Feast of the Baptism of the Lord – Cycle C
Note: Where a Scripture text is underlined in the body of this
discussion, it is recommended that the reader look up and read that
The feast of the Baptism of The Lord begins a period of time in the
liturgical calendar which is called Ordinary Time. During the period of
Ordinary Time we are guided through the gospel readings in a
chronological manner from the beginning of Jesus’ public ministry
through His entry into Jerusalem for His passion, death, and
resurrection; an event for which we interrupt the cycle of Ordinary
time to celebrate during the Easter season. During Cycle B our gospel
readings concentrate on the Gospel of Mark (augmented with selections
from the Gospel of John because Mark is so short). Cycle A concentrates
on the Gospel of Matthew and Cycle C concentrates on Luke.
Cycle A readings may also be used.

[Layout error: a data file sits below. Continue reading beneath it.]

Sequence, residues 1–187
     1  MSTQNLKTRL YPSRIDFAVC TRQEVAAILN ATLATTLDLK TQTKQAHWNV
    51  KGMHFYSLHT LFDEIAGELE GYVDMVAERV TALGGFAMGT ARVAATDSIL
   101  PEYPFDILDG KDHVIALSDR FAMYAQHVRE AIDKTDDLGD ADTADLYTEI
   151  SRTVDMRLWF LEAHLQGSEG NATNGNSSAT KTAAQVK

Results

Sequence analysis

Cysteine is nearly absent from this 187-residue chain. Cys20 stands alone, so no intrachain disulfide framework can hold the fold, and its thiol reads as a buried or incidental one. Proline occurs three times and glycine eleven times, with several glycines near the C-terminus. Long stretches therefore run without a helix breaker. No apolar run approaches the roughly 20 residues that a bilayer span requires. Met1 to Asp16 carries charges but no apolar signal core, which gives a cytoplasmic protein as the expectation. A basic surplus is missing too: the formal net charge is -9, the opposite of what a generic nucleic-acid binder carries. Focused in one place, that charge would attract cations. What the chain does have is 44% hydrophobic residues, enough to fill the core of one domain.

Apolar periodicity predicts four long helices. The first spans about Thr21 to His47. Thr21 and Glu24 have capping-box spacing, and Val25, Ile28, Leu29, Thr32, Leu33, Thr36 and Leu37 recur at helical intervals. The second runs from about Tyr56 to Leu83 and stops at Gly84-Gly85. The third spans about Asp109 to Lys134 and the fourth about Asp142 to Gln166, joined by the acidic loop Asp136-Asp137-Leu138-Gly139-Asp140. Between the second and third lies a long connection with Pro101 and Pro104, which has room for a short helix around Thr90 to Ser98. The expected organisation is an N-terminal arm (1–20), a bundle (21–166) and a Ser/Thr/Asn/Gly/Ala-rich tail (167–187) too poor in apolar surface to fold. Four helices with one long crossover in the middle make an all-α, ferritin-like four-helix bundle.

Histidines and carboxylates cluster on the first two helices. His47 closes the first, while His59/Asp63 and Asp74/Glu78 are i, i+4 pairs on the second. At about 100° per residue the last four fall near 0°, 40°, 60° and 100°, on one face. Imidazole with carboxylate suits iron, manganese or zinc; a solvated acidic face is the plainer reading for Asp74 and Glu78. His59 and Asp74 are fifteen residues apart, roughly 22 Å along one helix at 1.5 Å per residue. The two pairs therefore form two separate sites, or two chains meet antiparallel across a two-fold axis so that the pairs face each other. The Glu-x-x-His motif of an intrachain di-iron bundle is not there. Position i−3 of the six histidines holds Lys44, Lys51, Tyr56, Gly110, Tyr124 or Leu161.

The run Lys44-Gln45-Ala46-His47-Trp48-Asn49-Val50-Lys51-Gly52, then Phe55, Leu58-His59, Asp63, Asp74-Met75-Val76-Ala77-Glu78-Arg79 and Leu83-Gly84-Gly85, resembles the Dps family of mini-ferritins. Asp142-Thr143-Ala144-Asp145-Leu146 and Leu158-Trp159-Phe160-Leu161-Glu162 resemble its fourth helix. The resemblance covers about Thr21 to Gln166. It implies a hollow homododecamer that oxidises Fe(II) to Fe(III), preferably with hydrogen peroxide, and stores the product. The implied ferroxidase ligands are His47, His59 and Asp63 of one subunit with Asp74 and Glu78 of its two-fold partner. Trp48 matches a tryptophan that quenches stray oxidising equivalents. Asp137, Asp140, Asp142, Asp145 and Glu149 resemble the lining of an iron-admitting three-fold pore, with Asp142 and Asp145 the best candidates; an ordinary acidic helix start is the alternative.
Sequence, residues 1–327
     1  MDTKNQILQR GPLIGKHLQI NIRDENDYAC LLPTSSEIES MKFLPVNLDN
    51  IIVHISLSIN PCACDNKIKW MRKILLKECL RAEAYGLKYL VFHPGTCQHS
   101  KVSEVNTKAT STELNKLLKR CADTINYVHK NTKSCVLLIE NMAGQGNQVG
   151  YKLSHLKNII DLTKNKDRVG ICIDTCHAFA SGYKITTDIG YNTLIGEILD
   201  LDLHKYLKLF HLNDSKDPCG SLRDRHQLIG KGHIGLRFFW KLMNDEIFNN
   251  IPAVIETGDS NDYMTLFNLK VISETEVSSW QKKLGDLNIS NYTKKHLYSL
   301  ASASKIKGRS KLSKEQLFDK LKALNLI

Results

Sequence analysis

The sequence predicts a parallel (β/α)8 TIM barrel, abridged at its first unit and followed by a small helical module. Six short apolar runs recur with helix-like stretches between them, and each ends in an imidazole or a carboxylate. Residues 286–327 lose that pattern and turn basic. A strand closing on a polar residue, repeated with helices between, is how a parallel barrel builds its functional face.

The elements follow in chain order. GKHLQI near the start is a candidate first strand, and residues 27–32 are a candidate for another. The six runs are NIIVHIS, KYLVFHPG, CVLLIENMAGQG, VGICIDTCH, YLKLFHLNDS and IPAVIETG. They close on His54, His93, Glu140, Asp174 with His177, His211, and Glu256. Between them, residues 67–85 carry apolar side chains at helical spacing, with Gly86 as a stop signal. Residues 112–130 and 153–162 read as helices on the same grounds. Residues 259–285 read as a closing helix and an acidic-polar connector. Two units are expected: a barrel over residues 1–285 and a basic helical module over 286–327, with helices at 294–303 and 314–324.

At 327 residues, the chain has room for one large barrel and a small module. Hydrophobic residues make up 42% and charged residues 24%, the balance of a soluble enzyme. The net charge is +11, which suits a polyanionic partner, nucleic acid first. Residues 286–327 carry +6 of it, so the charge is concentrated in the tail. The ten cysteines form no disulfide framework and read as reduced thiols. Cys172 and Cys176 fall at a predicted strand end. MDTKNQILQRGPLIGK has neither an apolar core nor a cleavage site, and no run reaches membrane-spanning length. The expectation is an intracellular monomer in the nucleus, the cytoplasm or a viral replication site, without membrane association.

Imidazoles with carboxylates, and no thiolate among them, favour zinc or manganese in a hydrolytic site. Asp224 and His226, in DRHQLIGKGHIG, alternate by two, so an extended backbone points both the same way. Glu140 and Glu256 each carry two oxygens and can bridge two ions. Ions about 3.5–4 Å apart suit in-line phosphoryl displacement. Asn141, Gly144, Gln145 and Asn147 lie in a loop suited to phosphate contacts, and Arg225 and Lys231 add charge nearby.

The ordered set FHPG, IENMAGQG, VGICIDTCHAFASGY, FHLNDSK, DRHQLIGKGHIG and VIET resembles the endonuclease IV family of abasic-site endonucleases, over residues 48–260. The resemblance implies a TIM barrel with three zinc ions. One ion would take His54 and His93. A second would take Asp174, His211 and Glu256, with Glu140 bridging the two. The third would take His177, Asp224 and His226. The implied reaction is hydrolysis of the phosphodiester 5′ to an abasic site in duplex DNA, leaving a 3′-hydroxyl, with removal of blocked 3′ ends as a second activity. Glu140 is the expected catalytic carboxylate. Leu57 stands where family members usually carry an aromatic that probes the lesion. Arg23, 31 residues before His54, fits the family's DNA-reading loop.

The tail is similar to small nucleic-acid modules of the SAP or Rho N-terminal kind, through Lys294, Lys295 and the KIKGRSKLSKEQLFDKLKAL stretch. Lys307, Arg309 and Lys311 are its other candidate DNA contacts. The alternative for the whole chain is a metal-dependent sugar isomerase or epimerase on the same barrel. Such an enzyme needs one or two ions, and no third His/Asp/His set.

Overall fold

1st Reading - Isaiah 40:1-5, 9-11
The book of Isaiah is not the kind of book which was written all at one
time; different parts of it were written at different times over the
50-odd years of Isaiah’s ministry. When the different parts were
brought together to form the one book as we know it today is unknown,
but we do know from historical evidence that it was in its present form
at least as early the 3rd century B.C.
As far as authorship is concerned, Jewish-Christian tradition has
always recognized Isaiah as the human author of the entire book. Some
modern critics have divided Isaiah into three sections and attempted to
ascribe authorship of each section to a different, and later, author.
This theory is based on historical and sociological arguments –
on the fact that the book refers to events which occurred after
Isaiah’s lifetime, which in effect means questioning his
After the Psalms, Isaiah is the Old Testament book which is most quoted
in the New Testament: 22 quotations and 13 references, and all
referring to Isaiah by name.
Our reading for today opens with five of the seven verses of the second
suffering servant song of Isaiah. The suffering servant songs
portray the ideal Servant of God, the perfect Israelite, whose
consecration to the divine will, even in the midst of overwhelming